Ashdod Port to remain 'Sabbath observant' after haredi appeal

Transportation minister nixes maintenance work planned for Israel's only 'Sabbath observant' port after haredi deputy mayor intervenes.

Arutz Sheva Staff,

Ashdod Port
Ashdod Port
Yossi Zamir/FLASH90

Transportation and National Infrastructure Minister Yisrael Katz (Likud) ordered the cancellation of maintenance work planned for this coming Saturday at Ashdod Port, after haredi leaders called on the government to reschedule the work.

Ashdod Port, Israel’s second largest cargo port, is the only seaport in the Jewish state which does not operate during the Sabbath.

For members of the local haredi community, maintaining the port’s tradition of Sabbath observance is symbolically important and is viewed as being crucial in protecting the “Status Quo” agreements on religion and state. An informal arrangement between religious groups and the government maintained since Israel’s founding in 1948, the “Status Quo” is a set of understandings regarding the role of religion in the public sphere.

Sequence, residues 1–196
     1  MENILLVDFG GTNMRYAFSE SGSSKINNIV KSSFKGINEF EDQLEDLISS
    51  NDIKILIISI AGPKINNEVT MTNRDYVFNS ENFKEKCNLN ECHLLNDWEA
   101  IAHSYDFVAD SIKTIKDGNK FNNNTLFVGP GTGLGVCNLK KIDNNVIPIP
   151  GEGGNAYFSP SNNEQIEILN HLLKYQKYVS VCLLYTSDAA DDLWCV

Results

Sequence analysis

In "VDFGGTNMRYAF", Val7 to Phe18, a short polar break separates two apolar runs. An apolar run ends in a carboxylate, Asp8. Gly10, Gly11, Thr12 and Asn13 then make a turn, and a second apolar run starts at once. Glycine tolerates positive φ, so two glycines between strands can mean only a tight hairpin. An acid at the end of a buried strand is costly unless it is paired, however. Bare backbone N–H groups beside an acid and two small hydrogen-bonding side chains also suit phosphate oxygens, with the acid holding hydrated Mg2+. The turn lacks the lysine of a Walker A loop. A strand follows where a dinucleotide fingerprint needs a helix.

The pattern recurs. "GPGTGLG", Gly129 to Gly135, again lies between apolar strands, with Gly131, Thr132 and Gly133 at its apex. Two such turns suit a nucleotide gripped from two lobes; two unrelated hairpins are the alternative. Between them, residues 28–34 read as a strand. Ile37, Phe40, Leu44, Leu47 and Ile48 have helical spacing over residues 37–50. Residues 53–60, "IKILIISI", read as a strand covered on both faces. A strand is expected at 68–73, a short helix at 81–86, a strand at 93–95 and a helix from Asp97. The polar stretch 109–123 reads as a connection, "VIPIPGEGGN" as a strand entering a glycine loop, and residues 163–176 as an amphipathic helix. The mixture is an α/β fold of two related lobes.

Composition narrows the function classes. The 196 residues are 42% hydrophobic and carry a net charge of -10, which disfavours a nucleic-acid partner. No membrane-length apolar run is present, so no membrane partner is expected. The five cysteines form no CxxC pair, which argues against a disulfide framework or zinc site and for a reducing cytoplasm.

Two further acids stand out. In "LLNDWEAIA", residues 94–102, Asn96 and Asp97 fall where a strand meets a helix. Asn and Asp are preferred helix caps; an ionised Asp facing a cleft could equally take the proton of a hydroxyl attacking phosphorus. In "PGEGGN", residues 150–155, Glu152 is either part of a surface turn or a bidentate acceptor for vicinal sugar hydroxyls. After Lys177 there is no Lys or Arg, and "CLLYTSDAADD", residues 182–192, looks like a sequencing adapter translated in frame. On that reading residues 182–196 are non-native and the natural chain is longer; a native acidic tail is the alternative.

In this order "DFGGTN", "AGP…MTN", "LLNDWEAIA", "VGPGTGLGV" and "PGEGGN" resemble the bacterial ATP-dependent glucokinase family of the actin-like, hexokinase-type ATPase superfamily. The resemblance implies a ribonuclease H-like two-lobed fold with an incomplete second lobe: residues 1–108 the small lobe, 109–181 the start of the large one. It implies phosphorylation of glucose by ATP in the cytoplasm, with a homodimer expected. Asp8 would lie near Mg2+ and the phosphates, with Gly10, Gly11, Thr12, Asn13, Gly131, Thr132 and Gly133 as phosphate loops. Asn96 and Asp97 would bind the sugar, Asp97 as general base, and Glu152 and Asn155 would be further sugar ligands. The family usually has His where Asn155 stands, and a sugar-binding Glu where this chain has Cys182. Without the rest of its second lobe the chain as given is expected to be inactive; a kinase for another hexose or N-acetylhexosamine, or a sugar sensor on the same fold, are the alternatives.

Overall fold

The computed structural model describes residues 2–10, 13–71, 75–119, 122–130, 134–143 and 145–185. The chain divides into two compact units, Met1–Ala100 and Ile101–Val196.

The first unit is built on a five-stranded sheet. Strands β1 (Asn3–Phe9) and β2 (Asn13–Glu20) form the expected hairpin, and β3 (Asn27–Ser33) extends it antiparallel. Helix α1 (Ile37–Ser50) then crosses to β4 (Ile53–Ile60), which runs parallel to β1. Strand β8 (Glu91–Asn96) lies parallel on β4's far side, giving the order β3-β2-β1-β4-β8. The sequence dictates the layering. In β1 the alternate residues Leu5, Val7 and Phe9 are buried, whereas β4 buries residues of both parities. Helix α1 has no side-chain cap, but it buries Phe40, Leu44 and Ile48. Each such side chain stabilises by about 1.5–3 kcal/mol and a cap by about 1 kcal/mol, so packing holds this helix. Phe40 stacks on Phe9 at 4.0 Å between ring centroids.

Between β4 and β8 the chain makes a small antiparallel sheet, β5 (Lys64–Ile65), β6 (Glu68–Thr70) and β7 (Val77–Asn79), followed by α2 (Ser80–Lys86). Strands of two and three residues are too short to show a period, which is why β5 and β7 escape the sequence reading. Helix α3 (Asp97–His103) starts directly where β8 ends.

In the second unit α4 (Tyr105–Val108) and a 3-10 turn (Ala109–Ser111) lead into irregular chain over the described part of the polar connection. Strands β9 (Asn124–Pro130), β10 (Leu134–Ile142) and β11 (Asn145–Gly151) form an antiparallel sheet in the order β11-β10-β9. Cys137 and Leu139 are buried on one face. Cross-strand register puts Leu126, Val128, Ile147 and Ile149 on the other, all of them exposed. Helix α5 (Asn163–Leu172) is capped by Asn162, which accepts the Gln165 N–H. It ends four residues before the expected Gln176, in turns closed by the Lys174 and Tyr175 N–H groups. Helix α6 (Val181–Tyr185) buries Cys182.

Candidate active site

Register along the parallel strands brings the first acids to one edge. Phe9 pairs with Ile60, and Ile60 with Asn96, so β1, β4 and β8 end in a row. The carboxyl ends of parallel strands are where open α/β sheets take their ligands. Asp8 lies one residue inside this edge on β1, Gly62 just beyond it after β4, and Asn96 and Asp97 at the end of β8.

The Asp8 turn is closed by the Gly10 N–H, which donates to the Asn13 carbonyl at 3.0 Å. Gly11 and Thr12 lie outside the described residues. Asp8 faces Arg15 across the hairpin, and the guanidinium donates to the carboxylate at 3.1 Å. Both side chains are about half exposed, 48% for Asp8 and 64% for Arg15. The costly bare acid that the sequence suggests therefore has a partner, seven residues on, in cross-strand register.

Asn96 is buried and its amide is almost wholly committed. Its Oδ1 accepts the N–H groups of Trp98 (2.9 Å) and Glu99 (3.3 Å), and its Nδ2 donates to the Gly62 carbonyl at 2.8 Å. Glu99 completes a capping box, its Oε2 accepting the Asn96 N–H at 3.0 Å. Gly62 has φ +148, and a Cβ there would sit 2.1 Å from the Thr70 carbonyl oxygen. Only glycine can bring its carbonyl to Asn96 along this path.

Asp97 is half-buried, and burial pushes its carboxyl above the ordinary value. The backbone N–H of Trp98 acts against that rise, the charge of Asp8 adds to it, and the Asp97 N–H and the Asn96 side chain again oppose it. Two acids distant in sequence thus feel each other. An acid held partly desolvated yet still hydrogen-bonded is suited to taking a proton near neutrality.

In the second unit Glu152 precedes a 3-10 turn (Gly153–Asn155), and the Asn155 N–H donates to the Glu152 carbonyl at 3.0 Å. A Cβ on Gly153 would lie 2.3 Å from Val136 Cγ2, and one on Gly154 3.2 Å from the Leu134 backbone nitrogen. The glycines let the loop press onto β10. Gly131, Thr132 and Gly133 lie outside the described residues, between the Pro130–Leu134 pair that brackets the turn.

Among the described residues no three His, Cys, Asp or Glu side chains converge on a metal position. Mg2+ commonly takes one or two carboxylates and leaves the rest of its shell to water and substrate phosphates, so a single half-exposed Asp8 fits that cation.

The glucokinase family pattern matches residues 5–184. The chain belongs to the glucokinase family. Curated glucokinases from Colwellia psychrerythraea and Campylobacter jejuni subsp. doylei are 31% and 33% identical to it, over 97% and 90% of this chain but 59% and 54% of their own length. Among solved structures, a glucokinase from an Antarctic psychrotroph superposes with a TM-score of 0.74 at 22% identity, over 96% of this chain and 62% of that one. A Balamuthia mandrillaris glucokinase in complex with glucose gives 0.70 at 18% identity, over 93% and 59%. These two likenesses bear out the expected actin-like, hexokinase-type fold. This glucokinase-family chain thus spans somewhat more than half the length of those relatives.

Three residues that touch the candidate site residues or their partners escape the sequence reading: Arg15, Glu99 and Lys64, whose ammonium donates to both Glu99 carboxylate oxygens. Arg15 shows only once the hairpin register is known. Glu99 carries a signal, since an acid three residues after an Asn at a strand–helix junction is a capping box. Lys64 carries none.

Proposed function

While the Status Quo has effectively limited public transportation on the Sabbath to areas where such transportation was already available prior to the establishment of the state in 1948, local haredi leaders pushed to include Israel’s sole Sabbath-observant seaport as well.

“The Ashdod Port is proud to be Israel’s leading economic gateway, which engraved on its flag the values of the Jewish state and which observes Shabbat as a day of rest,” Ashdod Deputy Mayor, Rabbi Mordechai Lieberman (United Torah Judaism), wrote in an appeal to Katz.

“I am sure that in these days, when the people of Israel are seeking a good and blessed year, surely the observance of Shabbat, which is the source of the blessing, can be the source of comfort, and surely observing will bring help against the competing seaports.”

According to a report by Yediot Ahronot, Katz accepted Rabbi Lieberman’s appeal, and has rescheduled the maintenance work.

“The Ashdod Port is the only one that does not work on Shabbat and that will continue in this case too,” Rabbi Lieberman told Yediot.

Two weeks ago, Katz intervened at the behest of haredi lawmakers to block infrastructure work planned during the Sabbath on Ayalon Highway in Tel Aviv.

Work had been planned for the Yehudit Bridge, a pedestrian bridge above the highway.








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